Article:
Overview of conhost.exe
The conhost.exe file, which stands for “Console Windows Host,” is usually legitimate and safe. Microsoft usually gives this file to people.
Windows 10, 8, and 7 can also be seen running it.
Conhost.exe must be running for Command Prompt to talk to Windows Explorer.
One of its jobs is to let you drop files and folders into the Command Prompt by dragging and dropping them.
Even programs made by other people can use conhost.exe if they need to see the command line.
Many people don’t need to get rid of conhost.exe or check it for viruses.
Many people run this process multiple times simultaneously (you’ll often see numerous instances of conhost.exe in Task Manager).
It could be hard to tell the difference if a virus is disguised as the conhost EXE file.
The first thing to look for is if conhost.exe is taking up a lot of space on your computer.
How do I know what conhost.exe is?
It’s essential to run Conhost.exe for Command Prompt to work with Windows Explorer.
With this app, you can drag and drop files and folders right into the Command Prompt.
If other people need to use the command line, they can also use conhost.exe.
Cmd.exe (Command Prompt) is a vital part of running the windows you use on your PC.
Conhost.exe is a new addition to this process.
It was made for Windows 7 to help lessen the load on the csrss.exe file.
People who use software that runs on a computer called Conhost.exe
Command Prompt and any program that needs this command-line tool start the conhost.exe process every time they start. Even if you don’t see the program (like running in the background), it’s still running.
- Conhost.exe is known to start some of these things:
- Dell’s “DFS.Common.Agent.exe” is what you need to run “DFS.Common.Agent.”
- NVIDIA’s “NVIDIA Web Helper.exe” is a program that can help you find things on the web.
- Plex uses a program called “PlexScriptHost.exe.”
- In Adobe Creative Cloud, the “node.exe” file is called “node.exe.”
No, Conhost.exe is not a virus at this time.
You don’t have to think that conhost.exe is a virus or that you should take it out.
When in doubt, there are a few things to check.
The first time you see conhost.exe running on your computer, chances are it’s a virus or at least an unwanted program. This is because conhost.exe is not used on Windows Vista or XP, which don’t use the file.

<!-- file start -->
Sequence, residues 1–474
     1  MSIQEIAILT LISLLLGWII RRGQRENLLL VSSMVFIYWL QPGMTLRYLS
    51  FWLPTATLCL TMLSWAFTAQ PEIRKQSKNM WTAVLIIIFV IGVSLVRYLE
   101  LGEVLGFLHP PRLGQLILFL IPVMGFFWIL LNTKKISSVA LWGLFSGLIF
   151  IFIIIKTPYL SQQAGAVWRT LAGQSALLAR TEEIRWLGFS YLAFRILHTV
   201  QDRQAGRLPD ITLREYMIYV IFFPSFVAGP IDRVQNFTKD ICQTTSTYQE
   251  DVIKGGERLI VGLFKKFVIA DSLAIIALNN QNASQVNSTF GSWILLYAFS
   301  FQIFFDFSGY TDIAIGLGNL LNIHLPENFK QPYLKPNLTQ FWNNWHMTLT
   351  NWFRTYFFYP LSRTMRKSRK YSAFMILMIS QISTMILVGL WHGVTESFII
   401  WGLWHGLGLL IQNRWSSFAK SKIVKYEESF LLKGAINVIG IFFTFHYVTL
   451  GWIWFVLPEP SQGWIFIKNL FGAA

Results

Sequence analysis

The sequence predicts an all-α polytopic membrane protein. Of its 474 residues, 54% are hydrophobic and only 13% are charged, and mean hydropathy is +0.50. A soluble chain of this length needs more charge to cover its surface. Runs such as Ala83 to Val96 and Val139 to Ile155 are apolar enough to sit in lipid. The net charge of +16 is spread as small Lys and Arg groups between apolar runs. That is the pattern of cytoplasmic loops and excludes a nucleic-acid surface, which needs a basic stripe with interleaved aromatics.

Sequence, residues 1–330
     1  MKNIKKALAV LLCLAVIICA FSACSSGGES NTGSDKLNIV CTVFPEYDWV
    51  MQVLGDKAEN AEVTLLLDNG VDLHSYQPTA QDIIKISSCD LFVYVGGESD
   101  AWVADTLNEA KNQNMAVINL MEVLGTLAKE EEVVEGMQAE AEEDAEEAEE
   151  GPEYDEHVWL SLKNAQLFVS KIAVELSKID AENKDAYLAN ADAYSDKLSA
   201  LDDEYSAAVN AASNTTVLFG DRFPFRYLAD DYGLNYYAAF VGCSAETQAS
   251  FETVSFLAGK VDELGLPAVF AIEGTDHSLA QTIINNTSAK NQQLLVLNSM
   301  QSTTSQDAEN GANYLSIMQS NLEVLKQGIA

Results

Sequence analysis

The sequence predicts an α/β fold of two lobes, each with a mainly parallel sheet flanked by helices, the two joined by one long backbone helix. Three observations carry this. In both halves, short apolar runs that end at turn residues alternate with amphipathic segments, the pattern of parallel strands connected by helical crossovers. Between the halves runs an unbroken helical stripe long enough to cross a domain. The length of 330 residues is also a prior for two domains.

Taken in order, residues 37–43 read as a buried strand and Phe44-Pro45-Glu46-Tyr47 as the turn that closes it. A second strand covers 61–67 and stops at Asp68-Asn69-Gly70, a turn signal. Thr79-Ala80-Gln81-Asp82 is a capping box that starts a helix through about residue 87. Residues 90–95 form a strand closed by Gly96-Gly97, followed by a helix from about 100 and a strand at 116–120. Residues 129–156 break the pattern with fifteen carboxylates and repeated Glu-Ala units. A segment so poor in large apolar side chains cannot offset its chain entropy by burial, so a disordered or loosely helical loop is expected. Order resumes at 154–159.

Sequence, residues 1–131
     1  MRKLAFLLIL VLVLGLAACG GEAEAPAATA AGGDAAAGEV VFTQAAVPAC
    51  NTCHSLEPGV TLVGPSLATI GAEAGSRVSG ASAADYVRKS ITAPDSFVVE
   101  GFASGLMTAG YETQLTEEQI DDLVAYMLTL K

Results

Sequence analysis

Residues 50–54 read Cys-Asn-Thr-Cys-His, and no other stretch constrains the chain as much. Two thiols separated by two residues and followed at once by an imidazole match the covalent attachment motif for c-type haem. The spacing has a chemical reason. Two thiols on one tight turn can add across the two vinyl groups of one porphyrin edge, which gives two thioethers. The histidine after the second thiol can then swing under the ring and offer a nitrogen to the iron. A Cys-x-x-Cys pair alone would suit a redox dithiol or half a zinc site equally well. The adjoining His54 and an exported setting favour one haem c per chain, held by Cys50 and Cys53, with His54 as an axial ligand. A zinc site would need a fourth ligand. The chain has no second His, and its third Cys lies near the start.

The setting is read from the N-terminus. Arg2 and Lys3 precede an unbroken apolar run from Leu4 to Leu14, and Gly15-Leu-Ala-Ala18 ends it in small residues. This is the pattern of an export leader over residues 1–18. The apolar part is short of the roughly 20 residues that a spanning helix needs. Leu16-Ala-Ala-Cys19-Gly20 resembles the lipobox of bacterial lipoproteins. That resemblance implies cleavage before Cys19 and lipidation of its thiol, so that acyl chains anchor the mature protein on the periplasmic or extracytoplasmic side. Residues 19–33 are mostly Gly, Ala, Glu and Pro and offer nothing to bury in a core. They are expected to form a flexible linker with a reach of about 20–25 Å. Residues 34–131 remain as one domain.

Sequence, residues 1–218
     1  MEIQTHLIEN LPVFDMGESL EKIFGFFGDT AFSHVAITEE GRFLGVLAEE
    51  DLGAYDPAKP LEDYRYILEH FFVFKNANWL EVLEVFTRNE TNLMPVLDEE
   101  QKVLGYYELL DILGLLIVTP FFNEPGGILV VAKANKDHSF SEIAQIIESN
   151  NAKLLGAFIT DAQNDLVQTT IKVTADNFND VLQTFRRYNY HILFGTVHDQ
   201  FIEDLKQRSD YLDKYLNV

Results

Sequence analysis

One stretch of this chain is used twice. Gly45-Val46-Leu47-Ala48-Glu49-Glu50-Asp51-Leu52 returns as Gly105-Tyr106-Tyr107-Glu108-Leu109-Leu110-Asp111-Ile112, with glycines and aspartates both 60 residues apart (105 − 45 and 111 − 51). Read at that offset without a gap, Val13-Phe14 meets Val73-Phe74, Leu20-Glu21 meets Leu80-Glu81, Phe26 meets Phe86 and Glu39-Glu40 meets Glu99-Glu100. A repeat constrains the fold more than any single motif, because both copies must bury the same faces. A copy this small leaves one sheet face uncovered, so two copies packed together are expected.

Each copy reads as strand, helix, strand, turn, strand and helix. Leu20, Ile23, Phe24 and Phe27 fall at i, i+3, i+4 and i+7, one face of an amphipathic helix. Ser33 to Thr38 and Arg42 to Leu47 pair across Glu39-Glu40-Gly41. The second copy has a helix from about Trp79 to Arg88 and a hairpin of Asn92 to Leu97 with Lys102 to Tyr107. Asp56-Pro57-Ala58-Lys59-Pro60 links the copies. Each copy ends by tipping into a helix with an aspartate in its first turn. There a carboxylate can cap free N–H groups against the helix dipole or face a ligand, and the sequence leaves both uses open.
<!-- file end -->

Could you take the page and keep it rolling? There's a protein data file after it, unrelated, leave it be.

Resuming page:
If you see conhost.exe in either of those Windows versions, go to the very bottom of this page to find out what you need to do about it, then.
- Open the Task Manager.
To do this, you can press the Ctrl, Shift, and Esc keys on your keyboard.
- Look for the conhost.exe process in the Details tab, and then click on the process (or Processes tab in Windows 7).
- Ensure that the “Description” column for conhost.exe reads Console Windows Host on the far right.
- Right-click or tap-and-hold the process. Then choose the Open file location from the menu that comes up.
- You can see where conhost.exe is stored in the folder that opens when you click on the folder name.
Why is Conhost.exe taking up so much space?
In a regular computer, conhost.exe would use about 300 kilobytes of RAM when it was running without any malware. Even when using the program that started the file, it’s likely to use no more than 10 MB of RAM even though you’re still using the program that began conhost.exe.
If conhost.exe is taking up a lot more space than that, and Task Manager shows that the process is taking up a lot of CPU time, there’s a good chance that the file is fake.
People who follow the steps above should be careful even if they end up in a folder that isn’t C:/Windows/System32/.
There’s a virus called Conhost Miner that stores its “conhost.exe” file in this folder, and maybe other places:
percent user profile percent AppDataRoamingMicrosoftPersonal Data
If you don’t know, this virus will try to run a Bitcoin or other crypto coin mining operation on your computer without you knowing. This can be very hard on your memory and processor.
Is Conhost.exe a virus? How do I remove it?
If you know or even suspect that conhost.exe is a virus, it should be easy to get rid of it.
Lots of free tools are out there that can help you get rid of the conhost.exe virus from your computer, and there are even more that can help you keep it from coming back.
However, your first step should be to stop the parent process using the conhost.exe file so that it won’t be running its malicious code, and it will be easier to get rid of it.
- Double-click or tap and hold the conhost.exe file you want to get rid of in Process Explorer to get it to remove.
- Take a picture and then choose “Kill Process.”
- Then say, “OK.”
- To get back to the main screen, press OK.
If you want to close Process Explorer, you can do so at this point.
When you need to be concerned about something
There are, however, times when you can and should remove a file called conhost.exe, and it’s called that.
There’s no need to worry if you see more than one version of the file in your Task Manager.
It should happen every time cmd.exe is run.
Whether or not the program that needs conhost.exe is visible, this can still be true even if it is.
If you see one of a few things, though, there are some things to be concerned about.
There are two things you need to know about conhost.exe before you can use it:
Because conhost.exe files that use either of those in large amounts are a sign of something wrong.
Many malware hides by using the same file name as regular files to avoid being found.
To see if a file called conhost.exe is malware or not, right-click the operation in your Task Manager and choose Open file location.
When you open a legitimate copy of conhost.exe, it will open in the WindowsSystem32 folder.
If the file opens in a different place, it is malware and should be thrown away.